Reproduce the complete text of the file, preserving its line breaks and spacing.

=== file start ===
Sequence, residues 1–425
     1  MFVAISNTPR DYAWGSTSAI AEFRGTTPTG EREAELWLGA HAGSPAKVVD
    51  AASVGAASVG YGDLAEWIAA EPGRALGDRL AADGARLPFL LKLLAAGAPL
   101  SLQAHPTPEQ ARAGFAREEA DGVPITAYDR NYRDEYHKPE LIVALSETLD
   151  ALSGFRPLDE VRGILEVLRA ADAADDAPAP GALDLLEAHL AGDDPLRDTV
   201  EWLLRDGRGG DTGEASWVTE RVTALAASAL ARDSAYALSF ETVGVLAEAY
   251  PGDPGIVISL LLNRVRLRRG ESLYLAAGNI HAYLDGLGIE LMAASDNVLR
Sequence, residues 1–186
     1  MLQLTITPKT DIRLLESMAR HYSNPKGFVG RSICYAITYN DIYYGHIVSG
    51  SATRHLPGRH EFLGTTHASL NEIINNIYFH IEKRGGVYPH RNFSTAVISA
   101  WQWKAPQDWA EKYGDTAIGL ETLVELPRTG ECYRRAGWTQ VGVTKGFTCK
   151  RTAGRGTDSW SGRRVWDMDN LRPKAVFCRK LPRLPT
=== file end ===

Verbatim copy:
Sequence, residues 1–425
     1  MFVAISNTPR DYAWGSTSAI AEFRGTTPTG EREAELWLGA HAGSPAKVVD
    51  AASVGAASVG YGDLAEWIAA EPGRALGDRL AADGARLPFL LKLLAAGAPL
   101  SLQAHPTPEQ ARAGFAREEA DGVPITAYDR NYRDEYHKPE LIVALSETLD
   151  ALSGFRPLDE VRGILEVLRA ADAADDAPAP GALDLLEAHL AGDDPLRDTV
   201  EWLLRDGRGG DTGEASWVTE RVTALAASAL ARDSAYALSF ETVGVLAEAY
   251  PGDPGIVISL LLNRVRLRRG ESLYLAAGNI HAYLDGLGIE LMAASDNVLR
Sequence, residues 1–186
     1  MLQLTITPKT DIRLLESMAR HYSNPKGFVG RSICYAITYN DIYYGHIVSG
    51  SATRHLPGRH EFLGTTHASL NEIINNIYFH IEKRGGVYPH RNFSTAVISA
   101  WQWKAPQDWA EKYGDTAIGL ETLVELPRTG ECYRRAGWTQ VGVTKGFTCK
   151  RTAGRGTDSW SGRRVWDMDN LRPKAVFCRK LPRLPT